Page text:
Owners corporation sues Church, fails
An owners corporation recently sued a developer and the Archdiocese of Sydney (the Church) for breach of statutory warranties. The owners corporation alleged that it was an “immediate successor in title” to the Church, the holder of the freehold title in the land leased to the owners corporation, thereby a “deemed developer” within the meaning of part 2C of Home Building Act (the HBA), and accordingly, the owners corporation alleged that it was entitled to enforce the statutory warranties against the Church. The Court of Appeal in The Owners – Strata Plan No 91322 v Trustees of the Roman Catholic Church for the Archdiocese of Sydney  NSWCA 89 affirmed the lower court’s decision and held that the Owners Corporation was not entitled to sue the Church for breach of statutory warranties.
The trustees of the Church granted development rights to Spring Cove Developments (the Developer) to construct 16 luxury townhouses and apartments on a parcel of land in Manly.
The trustees of the Church sold the lots “off the plan”. The purchasers entered into a tripartite agreement with the trustees of the Church and the Developer which stipulated that upon the registration of the strata plan, the Church would sell its leasehold interest in the relevant lot to the purchaser. After the strata plan was registered, the Church agreed to lease the common property to the owners corporation for a term of 99 years.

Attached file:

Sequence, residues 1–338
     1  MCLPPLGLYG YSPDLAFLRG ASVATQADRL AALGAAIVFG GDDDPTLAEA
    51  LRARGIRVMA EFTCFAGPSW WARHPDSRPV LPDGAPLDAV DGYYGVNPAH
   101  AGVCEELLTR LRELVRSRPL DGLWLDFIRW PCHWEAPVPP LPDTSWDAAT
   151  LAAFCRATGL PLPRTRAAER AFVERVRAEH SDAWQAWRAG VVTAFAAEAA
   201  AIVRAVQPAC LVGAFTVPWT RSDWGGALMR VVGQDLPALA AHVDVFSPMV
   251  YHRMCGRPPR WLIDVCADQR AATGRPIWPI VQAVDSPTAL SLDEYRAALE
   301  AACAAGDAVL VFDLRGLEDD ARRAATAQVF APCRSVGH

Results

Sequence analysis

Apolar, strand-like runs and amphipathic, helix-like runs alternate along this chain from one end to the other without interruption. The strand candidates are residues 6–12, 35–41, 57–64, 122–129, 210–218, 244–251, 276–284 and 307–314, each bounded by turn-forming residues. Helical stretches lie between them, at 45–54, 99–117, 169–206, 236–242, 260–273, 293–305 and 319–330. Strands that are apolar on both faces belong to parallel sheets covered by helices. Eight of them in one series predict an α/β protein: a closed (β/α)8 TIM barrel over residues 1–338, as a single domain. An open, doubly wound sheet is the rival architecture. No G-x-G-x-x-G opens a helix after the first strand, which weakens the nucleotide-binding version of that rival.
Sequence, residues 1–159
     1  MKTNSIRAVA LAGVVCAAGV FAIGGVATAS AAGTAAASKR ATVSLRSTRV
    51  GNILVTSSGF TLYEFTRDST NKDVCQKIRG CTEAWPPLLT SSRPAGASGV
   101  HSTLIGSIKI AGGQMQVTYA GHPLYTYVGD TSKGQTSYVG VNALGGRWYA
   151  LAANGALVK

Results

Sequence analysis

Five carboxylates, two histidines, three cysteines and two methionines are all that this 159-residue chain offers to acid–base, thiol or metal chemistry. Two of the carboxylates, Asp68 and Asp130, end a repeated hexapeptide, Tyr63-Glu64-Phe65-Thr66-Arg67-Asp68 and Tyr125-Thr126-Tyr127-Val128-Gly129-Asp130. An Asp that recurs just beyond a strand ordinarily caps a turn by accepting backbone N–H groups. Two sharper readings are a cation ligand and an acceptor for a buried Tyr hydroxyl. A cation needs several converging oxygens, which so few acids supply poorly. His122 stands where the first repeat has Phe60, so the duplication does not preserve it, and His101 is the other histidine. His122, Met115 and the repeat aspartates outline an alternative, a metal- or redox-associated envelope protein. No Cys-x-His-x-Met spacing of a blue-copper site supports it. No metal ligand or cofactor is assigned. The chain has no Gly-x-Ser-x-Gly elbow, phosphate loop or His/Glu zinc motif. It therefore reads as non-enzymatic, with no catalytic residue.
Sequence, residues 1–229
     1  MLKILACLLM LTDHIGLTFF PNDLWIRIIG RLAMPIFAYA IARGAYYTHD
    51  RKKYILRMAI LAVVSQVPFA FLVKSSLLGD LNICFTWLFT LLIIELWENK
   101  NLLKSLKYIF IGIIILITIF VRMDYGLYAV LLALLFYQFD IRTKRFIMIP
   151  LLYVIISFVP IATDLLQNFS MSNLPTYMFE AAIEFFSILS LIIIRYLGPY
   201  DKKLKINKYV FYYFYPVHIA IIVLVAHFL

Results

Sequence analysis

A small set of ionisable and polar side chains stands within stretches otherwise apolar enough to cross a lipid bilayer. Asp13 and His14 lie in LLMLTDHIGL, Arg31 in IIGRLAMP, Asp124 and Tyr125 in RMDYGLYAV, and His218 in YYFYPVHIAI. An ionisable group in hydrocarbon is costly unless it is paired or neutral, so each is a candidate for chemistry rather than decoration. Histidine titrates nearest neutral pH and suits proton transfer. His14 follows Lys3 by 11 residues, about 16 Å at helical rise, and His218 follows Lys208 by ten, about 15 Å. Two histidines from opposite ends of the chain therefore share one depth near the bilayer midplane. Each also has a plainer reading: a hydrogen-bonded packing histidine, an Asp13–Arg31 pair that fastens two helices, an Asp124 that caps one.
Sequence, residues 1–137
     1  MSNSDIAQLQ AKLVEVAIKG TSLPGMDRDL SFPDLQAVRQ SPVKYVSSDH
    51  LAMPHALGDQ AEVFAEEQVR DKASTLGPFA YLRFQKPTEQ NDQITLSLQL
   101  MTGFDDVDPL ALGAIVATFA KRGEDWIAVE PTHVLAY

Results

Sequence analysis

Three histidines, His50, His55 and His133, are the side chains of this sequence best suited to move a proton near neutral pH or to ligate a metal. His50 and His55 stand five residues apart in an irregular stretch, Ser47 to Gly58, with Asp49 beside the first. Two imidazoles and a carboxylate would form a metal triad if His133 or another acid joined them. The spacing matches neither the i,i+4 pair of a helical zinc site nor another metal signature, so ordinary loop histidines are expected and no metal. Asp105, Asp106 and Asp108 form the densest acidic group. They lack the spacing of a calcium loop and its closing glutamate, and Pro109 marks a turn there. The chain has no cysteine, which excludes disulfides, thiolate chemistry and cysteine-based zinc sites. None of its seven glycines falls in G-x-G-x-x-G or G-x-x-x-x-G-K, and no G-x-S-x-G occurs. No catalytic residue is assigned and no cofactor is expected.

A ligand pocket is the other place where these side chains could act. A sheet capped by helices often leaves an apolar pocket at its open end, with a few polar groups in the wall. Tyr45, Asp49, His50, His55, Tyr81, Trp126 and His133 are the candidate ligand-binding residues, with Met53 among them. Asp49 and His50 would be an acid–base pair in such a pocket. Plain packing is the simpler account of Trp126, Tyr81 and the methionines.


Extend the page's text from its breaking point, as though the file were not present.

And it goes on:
The Owners Corporation discovered defects in the apartments and the common property, and sued the Developer and the Church for breach of statutory warranties.
The primary judge held:
At first instance, the primary judge held that because the owners corporation only held a leasehold interest in the land, it was not a “successor in title” within the meaning of section 18D of the HBA. Therefore, the owners corporation was not entitled to enforce the warranties against the Church to recover damages in respect of the defects.
The owners corporation appealed.
The Court of Appeal held:
At the appeal, the owners corporation argued, among other things primarily that upon registration of the strata plan, the common property was vested in the owners corporation pursuant to section 24 of the Strata Schemes Management Act, thereby inferring the notion of succession in title. This was rejected by the Court of Appeal. The Court of Appeal held that the owners corporation’s interest in the title was limited to the lease.
The Church furthermore submitted that the phrase “successor in title” is used in section 99 of the HBA, which concerns the obligation to obtain insurance, and that the transmission of the insurance (and benefit of the warranties) is the transmission of the owner’s title to the successor. Accordingly, the question of whether a party was a successor in title requires identification of the relevant title held by the first party at the time of the warranties (and insurance) and an assessment of whether the title passed to the second party. This was accepted by the Court of Appeal.
This case reminds of us of the importance in first identifying the relevant interest in a title before attempting to enforce the benefit of the statutory warranties against a developer or deemed developer, including the Church.
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